Why a bill to define the blockchain could be "dangerous"


After a bill aimed at establishing a definition for blockchain technology was introduced to Congress, some members of the crypto community raised concerns. Drew Hinkes, lawyer and co-founder of the startup investment bank Athena Blockchain, was one of them.

Representatives Doris Matsui (D-CA) and Brett Guthrie (R-KY) presented an invoice to the US House of Representatives this week, entitled "Blockchain Promotion Act, 2018". One of its main purposes is to obtain a clear definition of blockchain technology by creating a "blockchain work group". This task force could spend a year studying and defining blockchain before recommending this definition to the House.

Not everyone thinks this is a great idea.

One of the opponents is the co-founder of startup investment bank Athena Blockchain, Drew Hinkes. Hinkes is a lawyer, author and speaker on issues related to cryptocurrencies and blockchain technology. He also co-taught a course called "Digital Currencies, Blockchains"and the future of the financial services industry "at the NYU Stern Business School and the NYU School of Law.

In a recent Twitter post, Hinkes did not hold back his opinion:

ETHNews reached Hinkes to learn more about his perspective. Hinkes made it clear that he is a critic of the bill, not the sentiment behind it: "I applaud the intention of these representatives who are clearly trying to help and encourage technological development and innovation in the United States" .

The problem with the bill, he says, is rooted in the contrast between the slowness of legislation and the speed of technological change. In a exchange with ETHNews, Hinkes clarified his position:

"I foresee that, once a definition of blockchain is established, more laws will be created to provide special privileges or treatments for" blockchain "as defined (eg subsidies, tax breaks, different licensing requirements, etc.) that would exclude systems that do not they fall within the statute, as this can guide the development of the product constructively and limit innovation ".

Another key in addition to the rapid rate of development, the problem is that innovations in blockchain technology are created in silos. Tribalism in the communities of blockchain is undeniable (which does not mean universal). Bitcoin Liquidity developers tend to hold a different ethos than the developers of Ethereum, and there is a significant level of contention on the importance of decentralization and lack of trust. Beyond ideological differences, blockchains serve a wide range of purposes that require different technological specifications. Given the variability between the blockchains, some doubt the ability of the technology to be properly defined.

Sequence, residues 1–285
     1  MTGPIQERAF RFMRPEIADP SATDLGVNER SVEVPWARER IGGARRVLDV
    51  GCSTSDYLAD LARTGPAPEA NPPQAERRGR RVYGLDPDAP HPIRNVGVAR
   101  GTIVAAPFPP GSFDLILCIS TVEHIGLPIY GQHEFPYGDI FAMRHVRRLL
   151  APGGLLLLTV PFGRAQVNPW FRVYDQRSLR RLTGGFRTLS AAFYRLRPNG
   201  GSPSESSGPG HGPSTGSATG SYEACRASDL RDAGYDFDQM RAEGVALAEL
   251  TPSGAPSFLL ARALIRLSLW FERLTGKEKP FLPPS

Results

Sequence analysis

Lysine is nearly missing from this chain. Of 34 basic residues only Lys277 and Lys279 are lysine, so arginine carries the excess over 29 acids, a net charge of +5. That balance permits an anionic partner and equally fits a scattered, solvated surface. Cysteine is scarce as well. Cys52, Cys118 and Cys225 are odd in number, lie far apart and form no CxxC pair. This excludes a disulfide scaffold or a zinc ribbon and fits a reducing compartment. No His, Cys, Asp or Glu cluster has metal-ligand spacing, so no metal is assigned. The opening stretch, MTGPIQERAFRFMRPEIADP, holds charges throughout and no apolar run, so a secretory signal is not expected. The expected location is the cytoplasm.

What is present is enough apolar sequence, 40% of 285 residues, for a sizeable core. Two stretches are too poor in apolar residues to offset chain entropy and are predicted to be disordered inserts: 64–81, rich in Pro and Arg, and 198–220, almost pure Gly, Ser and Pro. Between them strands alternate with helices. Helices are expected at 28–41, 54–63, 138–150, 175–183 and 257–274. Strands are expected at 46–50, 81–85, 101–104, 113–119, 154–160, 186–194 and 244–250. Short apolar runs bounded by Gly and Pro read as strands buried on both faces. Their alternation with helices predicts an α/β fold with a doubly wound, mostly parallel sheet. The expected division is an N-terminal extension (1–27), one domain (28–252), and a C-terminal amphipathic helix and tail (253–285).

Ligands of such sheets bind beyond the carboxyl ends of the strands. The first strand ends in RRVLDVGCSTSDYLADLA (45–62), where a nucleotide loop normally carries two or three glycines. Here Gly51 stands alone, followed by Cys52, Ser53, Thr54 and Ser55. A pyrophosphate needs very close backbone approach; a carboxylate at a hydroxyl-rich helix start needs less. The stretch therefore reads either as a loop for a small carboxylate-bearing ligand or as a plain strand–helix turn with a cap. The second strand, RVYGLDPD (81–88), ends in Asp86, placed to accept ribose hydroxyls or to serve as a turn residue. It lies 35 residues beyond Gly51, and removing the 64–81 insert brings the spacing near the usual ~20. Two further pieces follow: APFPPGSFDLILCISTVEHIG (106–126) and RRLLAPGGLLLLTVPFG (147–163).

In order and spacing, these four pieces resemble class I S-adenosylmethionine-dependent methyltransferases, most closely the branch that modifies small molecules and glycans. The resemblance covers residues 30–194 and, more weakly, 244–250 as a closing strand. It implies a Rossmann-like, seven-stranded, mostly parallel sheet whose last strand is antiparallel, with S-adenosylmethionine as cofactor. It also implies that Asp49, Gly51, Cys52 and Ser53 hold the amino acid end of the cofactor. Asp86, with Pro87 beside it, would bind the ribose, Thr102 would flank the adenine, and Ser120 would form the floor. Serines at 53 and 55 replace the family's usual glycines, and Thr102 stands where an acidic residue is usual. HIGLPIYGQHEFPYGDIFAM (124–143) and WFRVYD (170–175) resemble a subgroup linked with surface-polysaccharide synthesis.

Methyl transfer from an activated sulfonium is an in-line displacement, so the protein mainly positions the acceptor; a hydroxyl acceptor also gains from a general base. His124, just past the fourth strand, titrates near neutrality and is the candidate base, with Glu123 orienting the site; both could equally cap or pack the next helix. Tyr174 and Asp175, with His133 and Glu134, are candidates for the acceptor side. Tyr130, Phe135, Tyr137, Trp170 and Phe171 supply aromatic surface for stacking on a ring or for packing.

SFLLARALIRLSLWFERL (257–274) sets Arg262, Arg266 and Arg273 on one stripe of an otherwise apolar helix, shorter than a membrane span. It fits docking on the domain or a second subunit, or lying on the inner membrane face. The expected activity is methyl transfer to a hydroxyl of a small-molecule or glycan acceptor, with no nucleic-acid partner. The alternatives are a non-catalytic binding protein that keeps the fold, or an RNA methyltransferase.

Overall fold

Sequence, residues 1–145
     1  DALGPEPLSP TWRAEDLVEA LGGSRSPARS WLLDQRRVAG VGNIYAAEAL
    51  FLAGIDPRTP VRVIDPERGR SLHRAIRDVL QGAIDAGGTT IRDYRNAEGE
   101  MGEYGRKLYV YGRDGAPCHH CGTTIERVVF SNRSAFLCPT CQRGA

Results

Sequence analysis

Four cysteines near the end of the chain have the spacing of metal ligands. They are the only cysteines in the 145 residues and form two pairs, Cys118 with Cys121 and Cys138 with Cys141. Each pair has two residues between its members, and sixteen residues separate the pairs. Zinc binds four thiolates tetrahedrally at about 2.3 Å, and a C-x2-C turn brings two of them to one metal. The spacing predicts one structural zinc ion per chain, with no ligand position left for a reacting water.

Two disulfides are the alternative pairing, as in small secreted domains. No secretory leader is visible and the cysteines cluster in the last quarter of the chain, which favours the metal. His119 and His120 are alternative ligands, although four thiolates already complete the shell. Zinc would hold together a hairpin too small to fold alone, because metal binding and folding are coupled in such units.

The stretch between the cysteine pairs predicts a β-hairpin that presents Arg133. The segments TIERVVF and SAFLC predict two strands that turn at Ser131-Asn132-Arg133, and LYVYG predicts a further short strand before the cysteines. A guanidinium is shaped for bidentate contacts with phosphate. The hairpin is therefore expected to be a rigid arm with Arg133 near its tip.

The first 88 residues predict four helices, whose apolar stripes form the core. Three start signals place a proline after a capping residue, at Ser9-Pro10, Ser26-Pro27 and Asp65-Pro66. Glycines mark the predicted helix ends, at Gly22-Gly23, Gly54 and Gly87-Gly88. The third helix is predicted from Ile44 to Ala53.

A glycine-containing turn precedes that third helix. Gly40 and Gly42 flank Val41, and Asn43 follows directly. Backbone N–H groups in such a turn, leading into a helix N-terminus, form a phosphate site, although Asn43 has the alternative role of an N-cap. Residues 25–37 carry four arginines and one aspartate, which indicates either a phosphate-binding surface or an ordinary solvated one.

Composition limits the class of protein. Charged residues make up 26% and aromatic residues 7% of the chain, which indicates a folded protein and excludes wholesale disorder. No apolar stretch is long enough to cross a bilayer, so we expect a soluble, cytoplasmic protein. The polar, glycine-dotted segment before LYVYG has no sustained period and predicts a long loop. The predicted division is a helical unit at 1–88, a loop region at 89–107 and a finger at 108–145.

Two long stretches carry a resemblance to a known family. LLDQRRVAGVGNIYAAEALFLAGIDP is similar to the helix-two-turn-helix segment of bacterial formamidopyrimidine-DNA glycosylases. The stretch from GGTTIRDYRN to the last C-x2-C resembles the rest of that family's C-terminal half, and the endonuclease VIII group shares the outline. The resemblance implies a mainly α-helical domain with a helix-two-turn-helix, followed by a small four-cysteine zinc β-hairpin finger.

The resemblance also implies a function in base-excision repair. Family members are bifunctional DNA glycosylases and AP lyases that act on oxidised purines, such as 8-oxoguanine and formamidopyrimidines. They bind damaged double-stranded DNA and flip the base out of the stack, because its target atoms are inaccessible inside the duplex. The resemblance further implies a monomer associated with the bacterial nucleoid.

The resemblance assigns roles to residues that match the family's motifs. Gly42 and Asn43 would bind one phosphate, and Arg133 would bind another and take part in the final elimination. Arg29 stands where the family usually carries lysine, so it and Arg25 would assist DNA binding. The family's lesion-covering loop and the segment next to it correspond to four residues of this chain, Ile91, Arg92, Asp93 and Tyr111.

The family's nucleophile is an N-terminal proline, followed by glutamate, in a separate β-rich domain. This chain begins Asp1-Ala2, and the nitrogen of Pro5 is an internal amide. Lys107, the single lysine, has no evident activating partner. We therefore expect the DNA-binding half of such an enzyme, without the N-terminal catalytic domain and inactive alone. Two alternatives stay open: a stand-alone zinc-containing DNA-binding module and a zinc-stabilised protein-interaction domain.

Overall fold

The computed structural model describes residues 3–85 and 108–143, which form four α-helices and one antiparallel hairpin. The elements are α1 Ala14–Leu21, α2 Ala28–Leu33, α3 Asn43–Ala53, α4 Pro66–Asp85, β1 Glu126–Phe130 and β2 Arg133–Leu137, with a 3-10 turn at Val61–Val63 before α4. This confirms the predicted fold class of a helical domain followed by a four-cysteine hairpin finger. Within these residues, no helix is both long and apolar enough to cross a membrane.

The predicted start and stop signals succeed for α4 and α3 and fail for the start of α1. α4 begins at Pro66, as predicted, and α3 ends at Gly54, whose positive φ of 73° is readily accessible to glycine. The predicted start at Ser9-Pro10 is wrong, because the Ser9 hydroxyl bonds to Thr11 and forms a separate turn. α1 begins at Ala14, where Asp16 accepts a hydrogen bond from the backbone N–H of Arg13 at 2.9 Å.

Hinkes supports:

"Given the rapid development of these systems, legislation is more likely to" do things the right way "if it attempts to drive the behavior of technology users rather than the technology itself. These laws should focus on 39; encouraging compliance with existing laws, damaging and facilitating innovation ".

So, what would you like to see as an alternative to this bill? What could help, rather than hinder, blockchain innovation? He suggests that a more useful law would be to increase funding for research and technology education, as well as provide "financial incentives" to companies in the blockchain sphere.

One of Hinkes' deepest concerns is that blockchain innovators will develop technology to operate within the definition, rather than working with design freedom to truly explore technology. From that perspective, the greatest risk is to legislate before innovating.

Melanie Kramer is a freelance writer of FinTech, blockchain and cryptocurrency based between France and Canada. Melanie has studied and maintains an eager interest in global politics, business and the economy.

ETHNews is committed to her Editorial policy

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